Monday, June 18, 2012

Spin Fix #13: Speeding Up the Spin

The problem: Horse will not spin faster when he is asked.
Why does this problem happen? If a horse will not speed up in the spin, he is either not correct enough to feel good about trying to spin faster or he does not “believe” the rider when asked for an increase in speed.
How to correct this problem: A horse must be able to spin correctly BEFORE he is asked to spin fast. If he is not comfortable turning around, he will not be willing to spin faster. If he’s schooled well in the basic spin – body aligned, responding to reins and legs – and he will start the spin quietly and turn almost on his own, then it’s time to ask for more.
Exercise: I “cluck” to ask for more. If I don’t feel an increase in speed, I bump with my leg. As soon as I feel him pick up the pace, I say “whoa” (that’s a reward) and release all body aids, then repeat. I want to instill in him right from the beginning that if he responds to my request for a faster turn around, he is rewarded. After only a few times, he will almost for sure spin faster with only a cluck. In a class, of course, I need four spins but if I have built my horse’s confidence by not asking too much in training and if he believes the voice command, he will be happy to spin until I ask him to shut down.

Exercise: I push my horse up in the bridle in a small circle, keeping him as straight as possible, until I feel him want to ‘find’the spin. Then I lower my hands, take my legs off of him, and ask. Usually he will gladly spin because the spin is more comfortable than the exercise.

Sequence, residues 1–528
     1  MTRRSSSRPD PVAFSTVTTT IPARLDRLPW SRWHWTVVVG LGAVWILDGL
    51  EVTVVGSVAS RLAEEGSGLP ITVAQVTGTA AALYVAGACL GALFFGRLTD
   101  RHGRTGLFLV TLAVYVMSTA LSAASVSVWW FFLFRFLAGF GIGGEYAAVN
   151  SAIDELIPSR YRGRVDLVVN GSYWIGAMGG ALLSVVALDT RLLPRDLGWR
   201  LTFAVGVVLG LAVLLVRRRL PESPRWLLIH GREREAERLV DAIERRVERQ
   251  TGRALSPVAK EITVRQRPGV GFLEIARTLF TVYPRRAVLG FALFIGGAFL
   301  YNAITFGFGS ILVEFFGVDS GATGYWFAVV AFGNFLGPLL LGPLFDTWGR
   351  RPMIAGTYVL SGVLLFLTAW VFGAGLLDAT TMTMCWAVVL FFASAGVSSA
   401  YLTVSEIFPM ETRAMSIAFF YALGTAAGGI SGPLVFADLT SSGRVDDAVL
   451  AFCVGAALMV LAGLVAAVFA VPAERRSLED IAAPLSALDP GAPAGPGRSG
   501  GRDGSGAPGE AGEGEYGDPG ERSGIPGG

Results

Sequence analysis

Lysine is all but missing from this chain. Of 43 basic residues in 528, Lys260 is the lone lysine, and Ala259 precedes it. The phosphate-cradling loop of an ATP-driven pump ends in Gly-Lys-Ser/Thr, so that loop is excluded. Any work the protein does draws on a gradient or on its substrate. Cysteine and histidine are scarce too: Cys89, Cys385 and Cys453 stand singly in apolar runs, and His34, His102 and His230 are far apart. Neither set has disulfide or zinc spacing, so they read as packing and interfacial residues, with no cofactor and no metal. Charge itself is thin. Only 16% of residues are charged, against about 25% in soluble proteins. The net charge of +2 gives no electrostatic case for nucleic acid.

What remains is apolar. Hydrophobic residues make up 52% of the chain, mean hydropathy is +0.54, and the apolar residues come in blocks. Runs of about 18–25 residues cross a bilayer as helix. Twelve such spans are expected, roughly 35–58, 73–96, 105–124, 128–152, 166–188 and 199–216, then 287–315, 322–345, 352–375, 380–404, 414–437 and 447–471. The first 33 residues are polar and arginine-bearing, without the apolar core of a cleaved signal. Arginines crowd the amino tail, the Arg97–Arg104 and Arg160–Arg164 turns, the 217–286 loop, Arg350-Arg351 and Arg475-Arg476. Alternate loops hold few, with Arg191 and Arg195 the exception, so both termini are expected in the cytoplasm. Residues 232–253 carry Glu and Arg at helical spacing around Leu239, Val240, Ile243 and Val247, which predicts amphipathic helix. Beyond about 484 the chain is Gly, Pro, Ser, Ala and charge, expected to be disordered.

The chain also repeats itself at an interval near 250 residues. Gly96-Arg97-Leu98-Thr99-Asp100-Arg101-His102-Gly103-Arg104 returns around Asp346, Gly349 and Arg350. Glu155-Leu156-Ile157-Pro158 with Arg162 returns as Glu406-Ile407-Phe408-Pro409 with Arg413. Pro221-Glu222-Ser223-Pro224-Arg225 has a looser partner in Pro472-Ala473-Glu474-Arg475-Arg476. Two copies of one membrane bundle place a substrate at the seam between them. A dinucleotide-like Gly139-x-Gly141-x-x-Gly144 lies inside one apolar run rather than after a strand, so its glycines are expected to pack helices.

Exercise: I let my horse spin a revolution or so, then pick up my reins to hold him straight and push him straight out of the spin – aggressively – stop him, settle him, and ask for spin again. After a few times, he will always try harder.

When I start teaching a horse to speed up his spin, I don’t try to accomplish everything in the first lesson. I push him a little more each day, always rewarding for his success. One thing that happens a lot is when a horse first tries to spin faster is that he might “hop” around. (See Spin With Cadence.) If that happens, I do not stop the spin when he is hopping; instead, I slow it down until he is stepping around again, then stop. It’s important to end the spin with correct movement.

Note: I don’t overdo fast spin schooling. Once my horse complies with my request, that’s all I want. If I concentrate more on schooling correctness, the speed will be easy! A reiner with a great spinning horse once told me his horse loved to spin fast because he had it figured out that the faster he did it, the faster it was over! That's what a good spin training program inspires - a horse that wants to spin.

Walking With Wolves

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